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abstract = "Background: Pharmacogenomic testing, specifically for pharmacokinetic (PK) and pharmacodynamic (PD) genetic variation, may contribute to a better understanding of baseline genetic differences in patients seeking treatment for depression, which may further impact clinical antidepressant treatment recommendations. This study evaluated PK and PD genetic variation and the clinical use of such testing in treatment seeking patients with bipolar disorder (BP) and major depressive disorder (MDD) and history of multiple drug failures/treatment resistance. Methods: Consecutive depressed patients evaluated at the Mayo Clinic Depression Center over a 10-year study time frame (2003–2013) were included in this retrospective analysis. Diagnoses of BP or MDD were confirmed using a semi-structured diagnostic interview. Clinical rating scales included the Hamilton Rating Scale for Depression (HRSD24), Generalized Anxiety Disorder 7-item scale (GAD-7), Patient Health Questionnaire-9 (PHQ-9), and Adverse Childhood Experiences (ACE) Questionnaire. Clinically selected patients underwent genotyping of cytochrome P450 CYP2D6/CYP2C19 and the serotonin transporter SLC6A4. PK and PD differences and whether clinicians incorporated test results in providing recommendations were compared between the two patient groups. Results: Of the 1795 patients, 167/523 (31.9{\%}) with BP and 446/1272 (35.1{\%}) with MDD were genotyped. Genotyped patients had significantly higher self-report measures of depression and anxiety compared to non-genotyped patients. There were significantly more CYP2C19 poor metabolizer (PM) phenotypes in BP (9.3{\%}) vs. MDD patients (1.7{\%}, p = 0.003); among participants with an S-allele, the rate of CYP2C19 PM phenotype was even higher in the BP (9.8{\%}) vs. MDD (0.6{\%}, p = 0.003). There was a significant difference in the distribution of SLC6A4 genotypes between BP (l/l = 28.1{\%}, s/l = 59.3{\%}, s/s = 12.6{\%}) and MDD (l/l = 31.4{\%}, s/l = 46.1{\%}, s/s = 22.7{\%}) patients (p < 0.01). Conclusion: There may be underlying pharmacogenomic differences in treatment seeking depressed patients that potentially have impact on serum levels of CYP2C19 metabolized antidepressants (i.e., citalopram / escitalopram) contributing to rates of efficacy vs. side effect burden with additional potential risk of antidepressant response vs. induced mania. The evidence for utilizing pharmacogenomics-guided therapy in MDD and BP is still developing with a much needed focus on drug safety, side effect burden, and treatment adherence.",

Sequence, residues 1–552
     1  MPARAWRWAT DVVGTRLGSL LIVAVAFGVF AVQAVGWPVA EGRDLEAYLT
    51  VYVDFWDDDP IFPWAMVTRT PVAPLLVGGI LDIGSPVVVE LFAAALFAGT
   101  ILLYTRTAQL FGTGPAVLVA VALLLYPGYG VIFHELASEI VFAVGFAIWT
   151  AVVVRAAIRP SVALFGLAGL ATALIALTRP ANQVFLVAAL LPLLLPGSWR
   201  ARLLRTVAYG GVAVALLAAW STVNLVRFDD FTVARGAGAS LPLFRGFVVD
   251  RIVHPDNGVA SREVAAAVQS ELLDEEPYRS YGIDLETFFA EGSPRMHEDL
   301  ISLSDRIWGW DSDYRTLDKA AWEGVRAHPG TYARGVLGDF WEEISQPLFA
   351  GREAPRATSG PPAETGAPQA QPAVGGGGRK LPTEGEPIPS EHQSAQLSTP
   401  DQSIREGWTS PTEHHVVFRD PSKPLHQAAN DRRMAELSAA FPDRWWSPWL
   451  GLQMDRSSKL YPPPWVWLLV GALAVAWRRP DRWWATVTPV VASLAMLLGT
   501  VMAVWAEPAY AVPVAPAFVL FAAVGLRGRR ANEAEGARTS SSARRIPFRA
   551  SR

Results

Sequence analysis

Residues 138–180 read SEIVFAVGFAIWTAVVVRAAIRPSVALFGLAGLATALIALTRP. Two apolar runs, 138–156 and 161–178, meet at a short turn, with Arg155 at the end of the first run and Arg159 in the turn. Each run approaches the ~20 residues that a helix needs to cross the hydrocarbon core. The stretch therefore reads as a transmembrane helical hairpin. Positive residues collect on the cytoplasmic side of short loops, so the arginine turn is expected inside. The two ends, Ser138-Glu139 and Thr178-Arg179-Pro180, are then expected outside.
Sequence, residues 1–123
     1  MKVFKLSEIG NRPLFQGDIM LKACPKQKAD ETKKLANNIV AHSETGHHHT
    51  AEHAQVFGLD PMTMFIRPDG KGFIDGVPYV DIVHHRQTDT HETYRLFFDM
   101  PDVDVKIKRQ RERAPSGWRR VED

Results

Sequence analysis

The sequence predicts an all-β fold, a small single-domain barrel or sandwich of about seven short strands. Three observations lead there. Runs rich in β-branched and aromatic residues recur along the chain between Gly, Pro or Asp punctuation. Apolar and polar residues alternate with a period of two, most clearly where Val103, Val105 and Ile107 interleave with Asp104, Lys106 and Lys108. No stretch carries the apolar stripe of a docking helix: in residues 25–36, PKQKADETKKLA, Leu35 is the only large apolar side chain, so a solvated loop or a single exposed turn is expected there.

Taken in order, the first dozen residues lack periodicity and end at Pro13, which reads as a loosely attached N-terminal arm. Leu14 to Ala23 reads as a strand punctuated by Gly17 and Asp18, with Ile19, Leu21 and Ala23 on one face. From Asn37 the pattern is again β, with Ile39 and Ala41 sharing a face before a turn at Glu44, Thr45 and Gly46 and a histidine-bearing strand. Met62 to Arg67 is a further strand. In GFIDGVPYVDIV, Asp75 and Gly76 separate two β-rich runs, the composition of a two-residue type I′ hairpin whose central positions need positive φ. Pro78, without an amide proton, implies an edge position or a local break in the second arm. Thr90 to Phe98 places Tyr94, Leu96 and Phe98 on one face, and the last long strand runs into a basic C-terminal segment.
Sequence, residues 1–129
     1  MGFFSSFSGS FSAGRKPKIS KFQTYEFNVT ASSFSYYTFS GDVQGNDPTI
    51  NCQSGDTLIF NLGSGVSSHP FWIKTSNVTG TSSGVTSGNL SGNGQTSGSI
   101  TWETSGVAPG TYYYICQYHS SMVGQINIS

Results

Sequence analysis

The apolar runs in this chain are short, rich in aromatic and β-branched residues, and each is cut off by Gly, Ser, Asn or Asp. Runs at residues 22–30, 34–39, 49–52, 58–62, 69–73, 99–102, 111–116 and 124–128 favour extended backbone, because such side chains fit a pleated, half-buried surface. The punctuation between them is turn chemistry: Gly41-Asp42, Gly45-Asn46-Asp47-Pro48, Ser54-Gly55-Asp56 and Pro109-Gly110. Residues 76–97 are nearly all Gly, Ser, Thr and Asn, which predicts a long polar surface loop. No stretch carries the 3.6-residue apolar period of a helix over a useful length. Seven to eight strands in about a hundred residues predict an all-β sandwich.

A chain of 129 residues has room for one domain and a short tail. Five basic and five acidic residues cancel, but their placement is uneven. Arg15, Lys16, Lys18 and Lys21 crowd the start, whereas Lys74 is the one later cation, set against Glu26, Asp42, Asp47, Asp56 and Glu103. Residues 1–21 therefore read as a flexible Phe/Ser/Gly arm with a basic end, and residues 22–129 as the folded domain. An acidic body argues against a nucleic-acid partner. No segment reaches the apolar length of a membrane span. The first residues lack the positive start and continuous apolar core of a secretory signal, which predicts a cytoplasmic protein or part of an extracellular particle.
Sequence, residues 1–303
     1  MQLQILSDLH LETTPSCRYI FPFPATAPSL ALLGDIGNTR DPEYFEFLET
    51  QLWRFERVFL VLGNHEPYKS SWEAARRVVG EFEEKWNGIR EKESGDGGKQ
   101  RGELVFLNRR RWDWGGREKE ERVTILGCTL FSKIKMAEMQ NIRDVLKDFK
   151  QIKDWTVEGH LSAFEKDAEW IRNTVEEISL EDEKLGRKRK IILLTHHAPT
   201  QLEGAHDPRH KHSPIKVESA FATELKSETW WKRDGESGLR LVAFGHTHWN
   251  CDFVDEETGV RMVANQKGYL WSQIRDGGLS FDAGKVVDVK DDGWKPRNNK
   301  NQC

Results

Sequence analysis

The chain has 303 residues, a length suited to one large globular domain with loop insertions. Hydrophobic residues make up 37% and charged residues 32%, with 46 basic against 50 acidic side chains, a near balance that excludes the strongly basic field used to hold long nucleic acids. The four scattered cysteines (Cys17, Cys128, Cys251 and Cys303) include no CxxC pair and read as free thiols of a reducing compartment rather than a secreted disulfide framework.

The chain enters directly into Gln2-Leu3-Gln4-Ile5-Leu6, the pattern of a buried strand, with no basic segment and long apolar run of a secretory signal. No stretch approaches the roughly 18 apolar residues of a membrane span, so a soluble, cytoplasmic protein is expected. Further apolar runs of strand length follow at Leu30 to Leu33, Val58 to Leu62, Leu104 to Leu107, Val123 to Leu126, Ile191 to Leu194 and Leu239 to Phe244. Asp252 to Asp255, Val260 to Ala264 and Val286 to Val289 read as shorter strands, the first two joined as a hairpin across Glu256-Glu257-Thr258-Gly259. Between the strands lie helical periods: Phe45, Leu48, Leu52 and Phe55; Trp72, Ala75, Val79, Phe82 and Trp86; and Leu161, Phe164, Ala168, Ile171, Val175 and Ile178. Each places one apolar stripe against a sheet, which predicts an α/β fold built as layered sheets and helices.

keywords = "Bipolar disorder, CYP2C19, Cytochrome P450, Pharmacogenomics, SLC6A4",